One last point. Osama bin Laden gave an interview in 1998 to ABC News in which he he said, on the air that America is weak because America is not able to see through long wars. America does not want to ever stay in Somalia and we will outlast America. This is being tested. We'll find out what will happen in Iraq and Afghanistan. It's a great struggle of what the American people are prepared to accept and not prepared to accept.
BARNICLE: At the end of the president's speech last night, the last five or six minutes is the cost of this one, not just the physical costs that I eluded to but the economic cost given the crunch in the economy today here.
FLEISCHER: I need to make a point about that and what you said earlier, because pobably the most profound meeting I ever sat in on at the White House was a meeting with Elie Weisel. Just President Bush, Elie Wiesel, Condi Rice was there and myself. And the president asked Elie Wiesel - Nobel Peace Prize winner, Holocaust survivor - should he remove Saddam.
Wiesel said yes, and then he added, "If only the world had listened to Winston Churchill in 1938 or 1939, World War II and the Holocaust could have been avoided. And I thought to myself, if the world had listened to Churchill in '38, people probably would've said "you exaggerated the threat of Hitler. You know, who says there was a World War coming?" We'll never know what we averted by getting rid of Saddam and how many lives were saved as a result of removing the threat of Saddam Hussein.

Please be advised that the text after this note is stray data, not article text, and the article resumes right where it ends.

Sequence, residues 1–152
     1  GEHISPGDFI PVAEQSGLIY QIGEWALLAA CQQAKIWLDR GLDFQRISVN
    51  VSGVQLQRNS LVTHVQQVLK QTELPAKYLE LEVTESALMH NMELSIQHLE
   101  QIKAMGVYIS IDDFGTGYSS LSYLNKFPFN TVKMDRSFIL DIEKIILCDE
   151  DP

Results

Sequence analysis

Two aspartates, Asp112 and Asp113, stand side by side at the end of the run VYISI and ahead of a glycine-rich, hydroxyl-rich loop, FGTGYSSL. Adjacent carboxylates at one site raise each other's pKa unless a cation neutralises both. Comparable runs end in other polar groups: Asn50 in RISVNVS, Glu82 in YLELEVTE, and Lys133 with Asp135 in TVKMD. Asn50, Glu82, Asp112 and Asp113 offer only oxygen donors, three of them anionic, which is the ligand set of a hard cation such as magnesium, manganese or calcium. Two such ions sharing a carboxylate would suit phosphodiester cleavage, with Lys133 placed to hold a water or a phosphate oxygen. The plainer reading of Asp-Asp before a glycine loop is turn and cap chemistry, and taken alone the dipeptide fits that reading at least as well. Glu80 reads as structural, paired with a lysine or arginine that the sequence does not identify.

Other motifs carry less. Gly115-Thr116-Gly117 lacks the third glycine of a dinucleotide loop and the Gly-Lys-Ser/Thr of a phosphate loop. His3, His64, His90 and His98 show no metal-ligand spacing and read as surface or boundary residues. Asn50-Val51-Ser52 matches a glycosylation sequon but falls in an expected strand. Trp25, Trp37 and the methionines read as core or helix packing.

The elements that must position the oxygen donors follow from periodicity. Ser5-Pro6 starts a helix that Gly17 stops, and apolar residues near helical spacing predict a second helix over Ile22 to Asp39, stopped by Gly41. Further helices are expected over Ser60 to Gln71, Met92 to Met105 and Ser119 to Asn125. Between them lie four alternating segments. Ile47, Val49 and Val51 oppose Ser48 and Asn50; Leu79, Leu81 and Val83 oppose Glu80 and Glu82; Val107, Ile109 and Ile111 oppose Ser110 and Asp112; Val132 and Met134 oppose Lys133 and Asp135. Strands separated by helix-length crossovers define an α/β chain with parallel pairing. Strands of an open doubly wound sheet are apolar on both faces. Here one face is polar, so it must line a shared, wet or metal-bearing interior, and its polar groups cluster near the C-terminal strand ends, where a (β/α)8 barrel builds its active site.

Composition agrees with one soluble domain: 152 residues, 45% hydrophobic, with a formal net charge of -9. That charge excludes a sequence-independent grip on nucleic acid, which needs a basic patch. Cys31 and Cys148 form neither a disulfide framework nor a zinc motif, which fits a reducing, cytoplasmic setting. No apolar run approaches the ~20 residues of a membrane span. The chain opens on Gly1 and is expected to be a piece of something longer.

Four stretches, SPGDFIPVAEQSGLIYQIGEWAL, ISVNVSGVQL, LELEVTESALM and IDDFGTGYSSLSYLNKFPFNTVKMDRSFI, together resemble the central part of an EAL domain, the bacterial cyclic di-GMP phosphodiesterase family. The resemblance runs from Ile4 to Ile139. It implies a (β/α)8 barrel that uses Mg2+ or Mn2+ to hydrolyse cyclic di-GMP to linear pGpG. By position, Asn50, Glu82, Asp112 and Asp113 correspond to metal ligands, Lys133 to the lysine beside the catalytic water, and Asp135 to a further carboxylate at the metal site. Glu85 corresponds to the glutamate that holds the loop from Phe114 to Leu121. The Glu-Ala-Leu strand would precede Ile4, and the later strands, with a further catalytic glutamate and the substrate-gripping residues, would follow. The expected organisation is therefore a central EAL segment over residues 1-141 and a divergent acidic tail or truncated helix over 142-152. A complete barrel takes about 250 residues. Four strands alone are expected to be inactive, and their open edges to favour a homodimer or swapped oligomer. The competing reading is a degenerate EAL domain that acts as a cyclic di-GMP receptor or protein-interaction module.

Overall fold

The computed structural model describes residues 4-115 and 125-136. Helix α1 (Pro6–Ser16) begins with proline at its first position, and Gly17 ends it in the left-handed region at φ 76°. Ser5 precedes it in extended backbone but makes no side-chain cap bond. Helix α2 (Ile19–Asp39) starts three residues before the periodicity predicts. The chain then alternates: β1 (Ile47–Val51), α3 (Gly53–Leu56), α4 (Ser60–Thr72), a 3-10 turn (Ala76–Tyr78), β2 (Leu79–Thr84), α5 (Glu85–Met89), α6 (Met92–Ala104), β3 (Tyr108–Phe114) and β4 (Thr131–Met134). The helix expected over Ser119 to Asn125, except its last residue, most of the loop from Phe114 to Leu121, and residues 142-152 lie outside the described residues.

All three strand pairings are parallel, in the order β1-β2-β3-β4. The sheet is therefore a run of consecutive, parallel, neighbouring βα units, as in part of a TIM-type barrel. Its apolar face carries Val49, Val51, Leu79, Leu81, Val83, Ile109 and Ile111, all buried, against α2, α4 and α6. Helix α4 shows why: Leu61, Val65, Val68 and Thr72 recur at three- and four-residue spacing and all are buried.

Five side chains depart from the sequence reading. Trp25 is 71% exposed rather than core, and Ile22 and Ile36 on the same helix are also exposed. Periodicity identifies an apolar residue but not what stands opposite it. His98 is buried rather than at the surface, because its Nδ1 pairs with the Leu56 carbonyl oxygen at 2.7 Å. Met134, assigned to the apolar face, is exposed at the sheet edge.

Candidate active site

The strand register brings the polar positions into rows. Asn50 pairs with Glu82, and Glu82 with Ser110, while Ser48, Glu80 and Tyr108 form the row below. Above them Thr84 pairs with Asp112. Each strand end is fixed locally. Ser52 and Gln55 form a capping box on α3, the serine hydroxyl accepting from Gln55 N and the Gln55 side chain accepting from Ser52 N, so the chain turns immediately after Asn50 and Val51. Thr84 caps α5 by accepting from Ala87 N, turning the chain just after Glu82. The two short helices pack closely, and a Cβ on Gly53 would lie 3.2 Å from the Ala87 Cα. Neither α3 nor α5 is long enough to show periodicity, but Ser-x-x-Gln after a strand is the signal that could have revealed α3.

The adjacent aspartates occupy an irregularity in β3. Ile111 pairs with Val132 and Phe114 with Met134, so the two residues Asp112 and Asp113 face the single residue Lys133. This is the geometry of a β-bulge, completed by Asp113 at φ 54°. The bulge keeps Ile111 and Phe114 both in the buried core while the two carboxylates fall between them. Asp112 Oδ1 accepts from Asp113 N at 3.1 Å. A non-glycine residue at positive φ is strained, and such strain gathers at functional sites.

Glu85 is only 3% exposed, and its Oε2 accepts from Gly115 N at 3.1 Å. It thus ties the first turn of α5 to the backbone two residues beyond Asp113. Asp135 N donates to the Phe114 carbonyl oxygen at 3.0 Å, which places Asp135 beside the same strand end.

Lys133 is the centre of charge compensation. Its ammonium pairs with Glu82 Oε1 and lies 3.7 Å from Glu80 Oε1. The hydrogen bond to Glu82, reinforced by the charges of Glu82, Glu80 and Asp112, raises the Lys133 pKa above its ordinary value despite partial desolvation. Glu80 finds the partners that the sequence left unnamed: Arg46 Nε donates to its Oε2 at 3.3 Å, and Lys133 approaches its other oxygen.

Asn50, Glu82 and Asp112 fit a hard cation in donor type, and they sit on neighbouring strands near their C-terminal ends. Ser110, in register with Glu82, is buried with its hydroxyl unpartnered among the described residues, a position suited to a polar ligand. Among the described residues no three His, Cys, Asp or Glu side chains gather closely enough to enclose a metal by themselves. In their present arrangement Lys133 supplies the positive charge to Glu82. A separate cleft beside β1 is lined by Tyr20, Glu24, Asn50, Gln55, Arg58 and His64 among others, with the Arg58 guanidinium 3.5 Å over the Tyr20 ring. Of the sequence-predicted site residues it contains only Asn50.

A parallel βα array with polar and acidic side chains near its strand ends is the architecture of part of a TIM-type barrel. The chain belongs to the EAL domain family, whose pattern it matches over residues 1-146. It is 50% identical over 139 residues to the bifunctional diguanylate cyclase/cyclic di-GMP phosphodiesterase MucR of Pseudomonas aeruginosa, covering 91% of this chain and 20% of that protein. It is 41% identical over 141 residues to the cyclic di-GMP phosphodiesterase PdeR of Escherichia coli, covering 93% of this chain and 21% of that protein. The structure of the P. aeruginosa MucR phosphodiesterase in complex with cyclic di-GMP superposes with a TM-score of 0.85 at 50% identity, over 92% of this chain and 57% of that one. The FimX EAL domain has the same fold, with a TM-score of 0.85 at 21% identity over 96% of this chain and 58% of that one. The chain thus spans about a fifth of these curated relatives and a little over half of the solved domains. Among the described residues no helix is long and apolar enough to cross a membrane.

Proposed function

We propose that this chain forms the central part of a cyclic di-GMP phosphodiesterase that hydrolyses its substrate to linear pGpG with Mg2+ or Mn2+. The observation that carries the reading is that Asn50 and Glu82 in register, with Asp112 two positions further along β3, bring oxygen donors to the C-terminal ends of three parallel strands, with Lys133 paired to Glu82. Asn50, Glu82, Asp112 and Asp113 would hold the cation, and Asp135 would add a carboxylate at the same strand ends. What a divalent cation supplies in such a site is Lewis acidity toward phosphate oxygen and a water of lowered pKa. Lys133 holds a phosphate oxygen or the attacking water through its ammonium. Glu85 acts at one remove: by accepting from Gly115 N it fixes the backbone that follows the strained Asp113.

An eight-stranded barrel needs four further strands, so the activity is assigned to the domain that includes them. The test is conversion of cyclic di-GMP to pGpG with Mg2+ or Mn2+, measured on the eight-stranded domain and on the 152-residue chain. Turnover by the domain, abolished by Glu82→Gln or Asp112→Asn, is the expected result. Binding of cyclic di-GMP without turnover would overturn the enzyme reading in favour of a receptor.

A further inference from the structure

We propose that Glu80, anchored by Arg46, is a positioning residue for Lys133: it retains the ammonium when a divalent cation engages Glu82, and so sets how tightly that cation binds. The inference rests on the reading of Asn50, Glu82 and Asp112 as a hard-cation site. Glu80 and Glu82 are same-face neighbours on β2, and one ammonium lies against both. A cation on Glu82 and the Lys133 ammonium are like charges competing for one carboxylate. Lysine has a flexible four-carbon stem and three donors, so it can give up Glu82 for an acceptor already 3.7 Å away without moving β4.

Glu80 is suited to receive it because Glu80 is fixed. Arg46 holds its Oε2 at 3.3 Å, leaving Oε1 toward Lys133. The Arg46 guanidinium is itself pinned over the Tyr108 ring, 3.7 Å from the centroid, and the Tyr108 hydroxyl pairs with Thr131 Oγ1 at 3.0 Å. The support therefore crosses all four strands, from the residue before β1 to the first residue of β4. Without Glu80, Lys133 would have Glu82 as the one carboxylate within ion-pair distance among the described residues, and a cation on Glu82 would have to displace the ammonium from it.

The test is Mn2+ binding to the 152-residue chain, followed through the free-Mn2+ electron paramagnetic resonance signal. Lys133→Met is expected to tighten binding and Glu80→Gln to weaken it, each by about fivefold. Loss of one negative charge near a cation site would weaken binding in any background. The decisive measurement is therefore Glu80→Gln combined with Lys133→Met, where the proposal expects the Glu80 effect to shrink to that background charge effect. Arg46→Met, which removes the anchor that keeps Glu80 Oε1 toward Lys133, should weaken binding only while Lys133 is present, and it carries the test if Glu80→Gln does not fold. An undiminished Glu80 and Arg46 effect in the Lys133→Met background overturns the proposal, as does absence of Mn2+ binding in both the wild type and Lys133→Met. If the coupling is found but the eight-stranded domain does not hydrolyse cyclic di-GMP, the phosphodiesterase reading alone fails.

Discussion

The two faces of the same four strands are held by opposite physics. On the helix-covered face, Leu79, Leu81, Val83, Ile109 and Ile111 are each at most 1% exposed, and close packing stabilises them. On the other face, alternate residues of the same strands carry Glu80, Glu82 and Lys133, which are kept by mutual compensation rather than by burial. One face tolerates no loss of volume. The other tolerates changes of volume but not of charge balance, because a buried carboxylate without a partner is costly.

ENGEL: Saddam wasn't planning a holocaust.
FLEISCHER: I never said holocaust.
ENGEL: Just now you're making the same comparison that Osama bin laden is tied to Iraq. Osama bin Laden wasn't tied to Iraq. You just talked about how Osama bin Laden, we have to keep fighting in Iraq and stay the course in Iraq.
FLEISCHER: No, I'm not saying it was tied to Iraq The point I was making about both Afghanistan and Iraq is the American will to stay for long periods of time. That's what's being tested. I didn't say he was tied to Iraq.
ENGEL: Why should be it tested in a war where you said was based on false intelligence? Why should be, you know we're going to let Osama bin Laden win if we don't stay for a long time in Iraq (crosstalk) if we went there for bad intelligence reasons?
FLEISCHER: But the question is if things go bad in Iraq will we withdraw the 50,000 remaining troops and my point was that's a future decision President Obama will have to make just as a withdrawal from Afghanistan future decision. If the conditions are terrible in both places and we withdraw and they become even worse it's a fundamental decision President Obama will have to make.
That's the point I'm making about America’s will to stay or to leave.
ENGEL: I'm saying this whole association that is still out there in many people's minds that Iraq was somehow associated with 9/11.
FLEISCHER: No. You're scratching my point. I didn't say that and you're stretching my point.
ENGEL: All right. It's what I heard.
FLEISCHER: It's not what everybody else heard.